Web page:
New Jersey craft beer lovers have a voice, and apparently it’s being heard. A week after issuing a Special Ruling regarding Limited Brewery licenses and Tasting Rooms, the state’s ABC Alcohol Beverage Control Director David Rible has suspended its enforcement.
The ruling stirred up a hornets nest in the state’s craft brewing world with such stipulations as limiting events such as trivia nights, open mic and yoga classes to 25 a year and banning food trucks and even restaurant menus. Opposition to the new rules quickly spawned a SAVE NJ BEER campaign and an online petition gathered 28,000 signatures.
Since 2012 when legislation was approved to allow tasting room sales in limited breweries, craft brewing in the state grew in leaps and bounds, in concert with most of the rest of the country (the number of breweries in the Garden State just passed the 100 mark). Rible stated that the Legislature never intended the limited licenses to give craft breweries the same privileges as a consumption venue, such as a sports bar or restaurant that require a full liquor license.
Some retail licensees have been crying foul as tasting rooms tested the limits of the new law, including live entertainment and broad interpretations of the “Take a tour first” requirement.
As well as limiting social activities, the aborted ruling also sought to limit private parties to 52 per year. But, just to add another layer of bureaucracy, permission for parties and events needs to be applied for by an online process. The state also sought to require a post-event accounting of every private event which may include “the guest list and the amount of alcoholic beverages sold.”
The ruling did however propose to allow breweries to sell pre-packaged snacks and water as well as allowing customers to bring in their own food. Also on the plus side for breweries, they could now hold monthly (12 per year) promotions off-premise.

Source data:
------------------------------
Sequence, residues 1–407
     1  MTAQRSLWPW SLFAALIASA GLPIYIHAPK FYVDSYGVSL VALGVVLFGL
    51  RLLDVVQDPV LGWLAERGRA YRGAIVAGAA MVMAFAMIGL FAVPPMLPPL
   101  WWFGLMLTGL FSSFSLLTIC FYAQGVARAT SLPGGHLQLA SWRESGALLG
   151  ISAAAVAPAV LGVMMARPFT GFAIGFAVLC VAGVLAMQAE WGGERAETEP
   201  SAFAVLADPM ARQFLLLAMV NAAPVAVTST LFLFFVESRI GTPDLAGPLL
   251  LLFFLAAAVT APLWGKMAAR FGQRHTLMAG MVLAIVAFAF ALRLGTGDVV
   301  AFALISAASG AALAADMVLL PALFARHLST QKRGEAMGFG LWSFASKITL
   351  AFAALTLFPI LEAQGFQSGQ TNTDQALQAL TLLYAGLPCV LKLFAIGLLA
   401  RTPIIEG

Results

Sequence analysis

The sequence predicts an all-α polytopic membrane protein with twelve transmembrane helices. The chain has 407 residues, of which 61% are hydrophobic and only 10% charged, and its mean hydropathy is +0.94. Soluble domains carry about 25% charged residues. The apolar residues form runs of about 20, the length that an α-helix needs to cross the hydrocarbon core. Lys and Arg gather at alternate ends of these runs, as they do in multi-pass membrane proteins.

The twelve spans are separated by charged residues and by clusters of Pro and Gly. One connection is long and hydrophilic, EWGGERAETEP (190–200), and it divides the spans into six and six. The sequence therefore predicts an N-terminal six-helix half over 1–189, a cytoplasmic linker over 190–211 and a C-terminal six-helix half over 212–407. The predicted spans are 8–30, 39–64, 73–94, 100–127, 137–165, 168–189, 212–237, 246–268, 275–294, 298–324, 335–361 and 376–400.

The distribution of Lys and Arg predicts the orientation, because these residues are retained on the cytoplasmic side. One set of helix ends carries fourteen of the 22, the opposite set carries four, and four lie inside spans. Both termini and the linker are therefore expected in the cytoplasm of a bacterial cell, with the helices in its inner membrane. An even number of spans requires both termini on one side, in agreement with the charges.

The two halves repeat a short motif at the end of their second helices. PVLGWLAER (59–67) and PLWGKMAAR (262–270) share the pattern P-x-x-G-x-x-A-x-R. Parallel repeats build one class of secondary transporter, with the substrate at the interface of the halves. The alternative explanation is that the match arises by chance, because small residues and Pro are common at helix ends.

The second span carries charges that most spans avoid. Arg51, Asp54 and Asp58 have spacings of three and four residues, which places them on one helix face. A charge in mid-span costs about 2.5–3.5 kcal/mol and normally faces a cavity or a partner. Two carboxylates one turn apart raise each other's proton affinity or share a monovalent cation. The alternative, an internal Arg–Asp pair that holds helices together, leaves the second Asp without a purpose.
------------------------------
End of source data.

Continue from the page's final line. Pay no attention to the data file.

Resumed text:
Brewery tasting rooms have become wildly popular, not just in New Jersey, but all around the country. They have provided gathering places and can serve as a hub for community activities and fundraising especially in areas of revitalization.
Retail establishments complain that limited brewery licenses can be obtained for a few thousand dollars whereas they have to pay sometimes hundreds of thousand dollars for a liquor license. Brewery owners counter that they have to invest hundreds of thousands in their brewing equipment.
Small breweries are either just currently in vogue or they are the wave of the future. In what some were calling a regressive ruling that will hurt an upcoming industry in NJ, the state is trying to fit a new phenomenon into an outdated grid.
The real problem is NJ’s archaic liquors laws (different from other states), installed after prohibition, that turn liquor licenses into expensive pieces of real estate. I’m not surprised that bar owners are upset that they are losing business to upstart breweries when they had to fork over an arm and a leg for a liquor license. It’s time NJ looked at a new system for licensing.
In suspending the ruling Rible said the “ABC will confer with the same stakeholders it previously consulted and invite other parties, including those craft breweries most affected by the Special Ruling, to further understand their concerns and ways to address them within the confines of the existing legal framework and limitations set by the limited brewery licenses.” His agency will also confer with legislators to determine if any adjustments to the limited brewery license are warranted, he added.
More info https://brewedindependent.org